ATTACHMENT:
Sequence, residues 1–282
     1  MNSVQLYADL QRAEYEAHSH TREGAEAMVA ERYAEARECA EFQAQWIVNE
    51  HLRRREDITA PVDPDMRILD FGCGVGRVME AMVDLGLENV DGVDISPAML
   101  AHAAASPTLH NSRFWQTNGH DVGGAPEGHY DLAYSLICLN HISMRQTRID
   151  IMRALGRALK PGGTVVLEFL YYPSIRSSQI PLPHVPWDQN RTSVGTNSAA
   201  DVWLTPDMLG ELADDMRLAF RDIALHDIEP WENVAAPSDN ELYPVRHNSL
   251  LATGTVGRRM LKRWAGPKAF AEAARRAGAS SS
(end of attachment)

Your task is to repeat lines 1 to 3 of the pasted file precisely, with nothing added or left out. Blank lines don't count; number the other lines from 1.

Sequence, residues 1–282
     1  MNSVQLYADL QRAEYEAHSH TREGAEAMVA ERYAEARECA EFQAQWIVNE
    51  HLRRREDITA PVDPDMRILD FGCGVGRVME AMVDLGLENV DGVDISPAML